The Prints Industry in the U.S. has long been a very lucrative source of revenue for digital print shops.
The number of digital print retailers has grown by nearly 20% in the last year alone.
However, as the digital print printing industry has exploded, so has the number of print shops that print on digital devices.
A recent study from the Institute of Digital Commerce estimates that digital print stores now account for about 7% of all print shops, with print shop owners accounting for roughly 12% of print shop revenue.
As the number and complexity of print jobs grows, print shops have become a prime target for hackers.
Hackers have found ways to remotely hack into printers and printers’ servers, stealing and printing their customers’ orders.
Hacker groups have found a variety of ways to attack print shop servers, and have stolen large numbers of customers’ printed products, including the majority of ink cartridges.
But as print shops are now the most targeted digital printing industry in the country, there is a growing number of hackers working to undermine the industry, according to a recent survey by the cybersecurity firm Recorded Future.
Hack groups have been exploiting the printing industry for years.
In 2014, a group called the Hackerspace Group claimed responsibility for the largest print-on-demand hack in history, which was followed by the largest hack in the history of print, which targeted the printers at a large number of online retailers.
Hacktivists from the group are believed to have taken over more than 150 printers in 2016 alone.
The Hackerspark hack, however, is believed to be the largest breach in the company’s history.
The hack was perpetrated by the Hacktivist collective, an offshoot of Anonymous.
In the course of the attack, the group claimed responsibility on multiple websites, including their website, and released the code for their printer hack.
The group claimed credit for creating the code, and they have been widely circulated, which could indicate that they have the capability to attack printers and other printers, and that the attack was carried out by a group of people.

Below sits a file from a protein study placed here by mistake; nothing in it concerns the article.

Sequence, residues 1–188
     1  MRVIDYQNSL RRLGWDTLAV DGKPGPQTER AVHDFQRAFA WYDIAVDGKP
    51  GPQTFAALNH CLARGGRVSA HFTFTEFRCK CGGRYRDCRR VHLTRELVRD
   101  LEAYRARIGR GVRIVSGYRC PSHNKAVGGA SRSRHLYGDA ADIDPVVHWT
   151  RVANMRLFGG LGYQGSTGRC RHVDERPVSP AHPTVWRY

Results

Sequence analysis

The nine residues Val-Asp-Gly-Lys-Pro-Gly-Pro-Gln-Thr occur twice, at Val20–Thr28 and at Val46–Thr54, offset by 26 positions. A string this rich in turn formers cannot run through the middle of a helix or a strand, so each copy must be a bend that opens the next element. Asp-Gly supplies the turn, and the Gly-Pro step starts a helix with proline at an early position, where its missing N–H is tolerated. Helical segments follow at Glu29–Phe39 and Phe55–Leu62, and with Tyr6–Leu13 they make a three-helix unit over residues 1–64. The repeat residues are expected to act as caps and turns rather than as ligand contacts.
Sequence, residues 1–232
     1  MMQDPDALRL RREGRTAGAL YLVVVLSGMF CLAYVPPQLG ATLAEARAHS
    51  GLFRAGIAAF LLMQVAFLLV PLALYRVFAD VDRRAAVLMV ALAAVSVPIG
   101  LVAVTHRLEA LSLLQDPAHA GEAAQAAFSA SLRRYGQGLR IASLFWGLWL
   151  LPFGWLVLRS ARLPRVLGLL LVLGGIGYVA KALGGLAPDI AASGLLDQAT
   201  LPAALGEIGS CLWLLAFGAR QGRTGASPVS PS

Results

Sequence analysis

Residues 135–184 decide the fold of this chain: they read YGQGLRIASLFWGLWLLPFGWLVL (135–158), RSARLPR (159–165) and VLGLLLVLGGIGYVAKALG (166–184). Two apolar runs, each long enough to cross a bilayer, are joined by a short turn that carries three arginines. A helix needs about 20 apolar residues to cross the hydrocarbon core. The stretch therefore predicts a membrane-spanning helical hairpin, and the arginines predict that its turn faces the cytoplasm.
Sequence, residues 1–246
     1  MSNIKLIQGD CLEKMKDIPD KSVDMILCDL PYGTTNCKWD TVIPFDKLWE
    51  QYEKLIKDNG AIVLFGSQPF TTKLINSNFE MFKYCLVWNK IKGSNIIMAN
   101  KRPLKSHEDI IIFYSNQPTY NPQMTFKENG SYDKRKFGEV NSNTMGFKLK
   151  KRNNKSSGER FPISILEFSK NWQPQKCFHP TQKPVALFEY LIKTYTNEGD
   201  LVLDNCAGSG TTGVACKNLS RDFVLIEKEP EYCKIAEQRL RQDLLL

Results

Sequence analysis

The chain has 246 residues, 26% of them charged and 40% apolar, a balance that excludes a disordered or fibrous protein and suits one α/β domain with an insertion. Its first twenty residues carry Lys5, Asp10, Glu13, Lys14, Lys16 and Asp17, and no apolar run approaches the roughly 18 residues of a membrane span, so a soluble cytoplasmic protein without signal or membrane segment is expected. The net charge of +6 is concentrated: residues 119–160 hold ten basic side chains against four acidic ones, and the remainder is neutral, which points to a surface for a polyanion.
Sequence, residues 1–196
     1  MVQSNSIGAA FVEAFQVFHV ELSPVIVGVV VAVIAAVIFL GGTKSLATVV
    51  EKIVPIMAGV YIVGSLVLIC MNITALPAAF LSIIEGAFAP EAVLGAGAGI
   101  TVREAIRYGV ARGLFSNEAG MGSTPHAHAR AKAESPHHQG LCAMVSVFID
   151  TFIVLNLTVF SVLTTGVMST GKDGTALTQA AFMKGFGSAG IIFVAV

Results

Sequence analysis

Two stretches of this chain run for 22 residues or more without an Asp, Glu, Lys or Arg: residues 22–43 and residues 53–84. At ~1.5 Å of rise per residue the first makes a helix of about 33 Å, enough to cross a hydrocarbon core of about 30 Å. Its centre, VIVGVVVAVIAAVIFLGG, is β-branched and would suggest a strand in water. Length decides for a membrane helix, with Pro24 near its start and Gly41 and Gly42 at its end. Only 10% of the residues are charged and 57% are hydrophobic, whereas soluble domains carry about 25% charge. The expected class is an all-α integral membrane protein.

Hackstor, an organization dedicated to helping print shop operators prevent hackers, released the following statement to the press: “The Hackstopper’s group is currently responsible for the biggest print-out hack in Hackstorr’s history, and it was carried in part by a small group of Hackstoppers.
They did it in an organized and well-executed way.
We are working closely with Hackstorks legal team to get to the bottom of this.”
The Hackstors spokesperson did not elaborate on the motivation behind the hack, or if the group was involved in the attack.
Hackspopper, an open source, free, and open source code development platform, was recently shut down by hackers, claiming that the code was riddled with security holes.
However it is unclear if the code has been compromised.
The company also claimed that the hack was carried by the collective that was responsible for Operation Blackhat, an extensive hack on more than 2,000 print shops in the United States and Canada.
Hack Stor claims that the group that carried out the hack is still active, and plans to launch another attack on the industry in early 2018.
“We have a group working on a second attack, and are actively looking at a third attack on our target, if we are able to,” Hackstora spokesperson Jessica Green said in a statement.
Hack Spoof, a team of researchers at the security firm Mandiant, published a report earlier this year that described hackers and other hackers as the most prolific threat group to the print industry.
“The hacking threat landscape is one of increasing sophistication,” Mandiant researcher Scott Sorensen wrote in the report.
“Cybercriminals have gained an increased ability to target and compromise the printers, ink cartridges, and other physical components of the printing business.
Hack spoof is exploiting this vulnerability landscape to carry out targeted attacks on the print services of major publishers.”
The report further highlighted the growing number and sophistication of printers being targeted by hackers.
It said that hackers have also found a way to exploit vulnerabilities in printer firmware and other products.
“It is important to note that while the printing market is highly competitive, there are a number of factors that make it a challenging target for malicious actors,” Mandient’s Sorensen wrote.
“Printers have a history of being hacked by a wide variety of parties, and their security protocols and firmware are often vulnerable to a wide range of attacks.”
As the print print industry continues to grow, and digital print shop managers become increasingly targeted by cybercriminals, it is important for print shop customers to be aware of their security.
If you have any questions or concerns, you can contact the local printer retailer or call the local police or the FBI, whichever is closest.
You can also visit the Printing Industry Safety Council (PISC), a national nonprofit that is dedicated to protecting the print market from hackers and fraud.